Facebook, Twitter and LinkedIn were originally meant to serve as places where people could meet, become friends and share their interests and aspirations, but in more recent years they have become places to find out where the jobs are and how to obtain them—and LinkedIn is particularly useful for that purpose. Social media, in short, has become a new way for job seekers and recruiters to connect with one another. (This also means that people should be careful about what they say on these pages, as potential employees might see them.)
The impact that social media has had on this area of life have gone far beyond expanding the areas in which work can be found. It has also, in a sense, reversed the very process of recruiting itself: instead of the job candidate writing out his resume and mailing copies of it to various companies in the hopes that one of them will be impressed by it and decide to hire him, we now have that person posting his resume online so that anyone who is currently hiring can read it and ask for an interview. This article will tell how to create a social media resume that will appeal to almost anyone who takes the time to read it.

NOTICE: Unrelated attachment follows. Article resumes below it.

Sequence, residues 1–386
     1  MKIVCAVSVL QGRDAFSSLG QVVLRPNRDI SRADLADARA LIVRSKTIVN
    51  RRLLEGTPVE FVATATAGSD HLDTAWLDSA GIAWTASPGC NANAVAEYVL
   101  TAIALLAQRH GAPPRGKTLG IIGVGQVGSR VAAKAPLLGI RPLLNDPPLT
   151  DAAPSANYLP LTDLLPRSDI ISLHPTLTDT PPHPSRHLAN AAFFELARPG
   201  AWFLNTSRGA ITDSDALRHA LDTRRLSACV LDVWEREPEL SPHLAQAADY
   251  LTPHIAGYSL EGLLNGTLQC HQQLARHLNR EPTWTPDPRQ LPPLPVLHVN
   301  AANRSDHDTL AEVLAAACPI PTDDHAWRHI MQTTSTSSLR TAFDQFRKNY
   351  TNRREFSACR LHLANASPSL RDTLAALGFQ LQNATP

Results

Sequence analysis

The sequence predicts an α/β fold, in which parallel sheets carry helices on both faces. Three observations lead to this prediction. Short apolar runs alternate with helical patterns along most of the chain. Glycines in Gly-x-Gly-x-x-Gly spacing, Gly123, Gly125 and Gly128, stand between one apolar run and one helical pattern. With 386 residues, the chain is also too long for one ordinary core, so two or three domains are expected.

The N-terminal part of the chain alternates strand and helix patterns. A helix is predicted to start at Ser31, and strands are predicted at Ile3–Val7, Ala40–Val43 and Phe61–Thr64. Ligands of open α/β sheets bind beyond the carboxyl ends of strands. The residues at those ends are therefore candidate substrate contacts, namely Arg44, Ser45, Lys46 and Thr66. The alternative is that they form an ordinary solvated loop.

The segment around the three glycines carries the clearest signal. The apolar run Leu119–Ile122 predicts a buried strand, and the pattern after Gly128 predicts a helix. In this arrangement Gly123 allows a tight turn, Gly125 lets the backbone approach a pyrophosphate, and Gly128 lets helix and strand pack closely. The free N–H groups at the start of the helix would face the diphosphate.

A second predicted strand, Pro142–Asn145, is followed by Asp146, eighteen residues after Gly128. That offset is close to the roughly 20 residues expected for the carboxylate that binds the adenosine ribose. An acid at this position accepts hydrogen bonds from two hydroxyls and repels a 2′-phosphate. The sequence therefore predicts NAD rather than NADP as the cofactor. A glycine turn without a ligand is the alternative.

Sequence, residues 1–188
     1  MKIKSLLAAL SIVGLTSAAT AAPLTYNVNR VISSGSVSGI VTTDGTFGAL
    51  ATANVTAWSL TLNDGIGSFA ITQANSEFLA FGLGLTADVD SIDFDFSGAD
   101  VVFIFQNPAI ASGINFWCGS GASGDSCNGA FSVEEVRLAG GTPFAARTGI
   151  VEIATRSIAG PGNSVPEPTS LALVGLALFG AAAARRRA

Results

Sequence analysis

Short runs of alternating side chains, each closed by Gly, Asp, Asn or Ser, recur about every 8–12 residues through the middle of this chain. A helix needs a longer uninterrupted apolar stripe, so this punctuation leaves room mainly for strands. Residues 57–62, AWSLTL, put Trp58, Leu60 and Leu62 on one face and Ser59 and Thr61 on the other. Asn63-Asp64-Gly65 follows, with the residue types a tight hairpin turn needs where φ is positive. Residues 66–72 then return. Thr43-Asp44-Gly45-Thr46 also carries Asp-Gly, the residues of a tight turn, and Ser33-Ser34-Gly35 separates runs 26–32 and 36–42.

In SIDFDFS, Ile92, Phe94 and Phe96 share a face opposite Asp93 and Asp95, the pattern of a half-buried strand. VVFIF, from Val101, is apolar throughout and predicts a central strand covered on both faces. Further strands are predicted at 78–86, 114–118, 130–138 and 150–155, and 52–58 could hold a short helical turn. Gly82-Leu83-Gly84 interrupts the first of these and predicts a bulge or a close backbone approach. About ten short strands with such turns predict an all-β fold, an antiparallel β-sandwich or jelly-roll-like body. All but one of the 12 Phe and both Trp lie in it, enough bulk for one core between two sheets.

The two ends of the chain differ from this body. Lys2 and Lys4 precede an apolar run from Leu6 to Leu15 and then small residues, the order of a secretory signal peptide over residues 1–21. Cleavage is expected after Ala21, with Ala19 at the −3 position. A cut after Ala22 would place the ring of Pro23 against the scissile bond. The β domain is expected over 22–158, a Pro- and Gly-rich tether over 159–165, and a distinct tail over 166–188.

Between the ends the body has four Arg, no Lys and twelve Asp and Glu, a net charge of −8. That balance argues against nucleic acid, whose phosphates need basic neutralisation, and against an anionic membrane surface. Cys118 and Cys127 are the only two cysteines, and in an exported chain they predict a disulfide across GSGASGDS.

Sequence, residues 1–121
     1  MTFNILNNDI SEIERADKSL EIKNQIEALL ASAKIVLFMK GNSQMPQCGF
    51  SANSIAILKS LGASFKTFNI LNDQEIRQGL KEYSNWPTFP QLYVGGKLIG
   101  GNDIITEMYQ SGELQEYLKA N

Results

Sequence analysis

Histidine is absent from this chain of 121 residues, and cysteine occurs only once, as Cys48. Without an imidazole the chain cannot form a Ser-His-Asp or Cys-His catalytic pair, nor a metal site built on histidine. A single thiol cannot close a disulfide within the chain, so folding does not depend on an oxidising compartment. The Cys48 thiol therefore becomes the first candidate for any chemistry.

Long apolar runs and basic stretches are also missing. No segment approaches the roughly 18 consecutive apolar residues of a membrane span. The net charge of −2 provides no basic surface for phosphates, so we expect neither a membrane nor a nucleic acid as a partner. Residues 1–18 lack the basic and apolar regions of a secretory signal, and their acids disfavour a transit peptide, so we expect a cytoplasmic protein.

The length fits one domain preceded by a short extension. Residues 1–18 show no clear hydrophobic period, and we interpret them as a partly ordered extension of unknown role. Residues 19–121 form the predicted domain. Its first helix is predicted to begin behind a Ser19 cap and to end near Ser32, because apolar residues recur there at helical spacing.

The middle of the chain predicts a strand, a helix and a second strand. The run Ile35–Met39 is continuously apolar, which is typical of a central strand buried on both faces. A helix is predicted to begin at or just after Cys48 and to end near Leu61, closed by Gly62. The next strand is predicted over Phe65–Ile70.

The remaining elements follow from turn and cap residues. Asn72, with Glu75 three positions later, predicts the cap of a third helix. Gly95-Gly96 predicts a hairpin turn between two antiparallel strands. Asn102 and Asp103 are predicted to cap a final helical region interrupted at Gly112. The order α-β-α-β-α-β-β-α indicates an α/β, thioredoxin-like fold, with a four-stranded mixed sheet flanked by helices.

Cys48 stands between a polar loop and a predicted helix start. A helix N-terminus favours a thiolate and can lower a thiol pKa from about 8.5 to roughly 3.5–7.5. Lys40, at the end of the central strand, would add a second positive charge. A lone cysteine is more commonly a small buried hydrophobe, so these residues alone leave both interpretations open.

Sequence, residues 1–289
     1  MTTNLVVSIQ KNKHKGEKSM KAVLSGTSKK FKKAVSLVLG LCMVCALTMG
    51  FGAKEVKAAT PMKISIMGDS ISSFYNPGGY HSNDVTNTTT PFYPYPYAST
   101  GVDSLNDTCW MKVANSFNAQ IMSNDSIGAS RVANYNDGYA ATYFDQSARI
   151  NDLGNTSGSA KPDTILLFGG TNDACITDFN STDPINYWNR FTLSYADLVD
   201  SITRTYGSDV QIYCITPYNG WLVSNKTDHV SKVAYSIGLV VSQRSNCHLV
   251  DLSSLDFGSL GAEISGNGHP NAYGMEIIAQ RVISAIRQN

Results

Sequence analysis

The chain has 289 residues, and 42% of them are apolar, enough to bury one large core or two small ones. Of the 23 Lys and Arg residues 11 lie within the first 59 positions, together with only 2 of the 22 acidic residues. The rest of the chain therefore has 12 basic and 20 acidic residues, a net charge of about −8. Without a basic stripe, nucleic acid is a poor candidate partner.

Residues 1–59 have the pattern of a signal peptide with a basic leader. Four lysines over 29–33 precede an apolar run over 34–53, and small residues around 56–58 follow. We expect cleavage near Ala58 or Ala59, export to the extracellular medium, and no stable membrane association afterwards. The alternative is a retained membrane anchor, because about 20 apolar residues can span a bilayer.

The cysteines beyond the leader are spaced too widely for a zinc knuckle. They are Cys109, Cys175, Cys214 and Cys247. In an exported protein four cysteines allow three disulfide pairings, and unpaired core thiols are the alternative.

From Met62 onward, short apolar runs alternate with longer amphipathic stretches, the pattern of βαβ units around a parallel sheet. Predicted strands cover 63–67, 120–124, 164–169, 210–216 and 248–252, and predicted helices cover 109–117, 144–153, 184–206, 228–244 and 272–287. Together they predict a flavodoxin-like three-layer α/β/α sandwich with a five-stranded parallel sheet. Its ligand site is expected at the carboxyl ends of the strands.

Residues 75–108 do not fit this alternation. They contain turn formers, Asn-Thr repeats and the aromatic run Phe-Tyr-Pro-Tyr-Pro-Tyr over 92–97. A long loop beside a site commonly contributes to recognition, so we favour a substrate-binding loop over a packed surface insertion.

A social media resume starts out with at least one of two things: a website and a blog. If you choose a website, you will look more professional if you purchase your own domain name—or in the case of sites like Bluehost and Godaddy, register it for free—rather than use a company that provides free websites. The domain name should be your own name, either alone or followed by the word “resume.” Once registered, your URL should be included on all paper versions of your resume, as well as on your social media page and anything that you use to market yourself, such as your business card and advertisements.
Your site should have a different tab for each section, so that (unlike with a paper resume) recruiters do not have to look through the entire document in order to find what they are looking for. This feature is particularly valuable because some of your skills will be valuable to some recruiters but not others, so you will want to have a different version of your online resume for each job that you might be qualified for.
Another advantage that online resumes have over their paper counterparts is that you can include audio and video elements to enhance your company image and make you stand out even more among the crowd of candidates who also want the job.
Your social media resume should include such info as what your “social media forte” is, whether it be video or community management or strategic social positioning. Such specificity creates the focus that recruiters look for. Connect all your social media pages together to create an active online presence for yourself.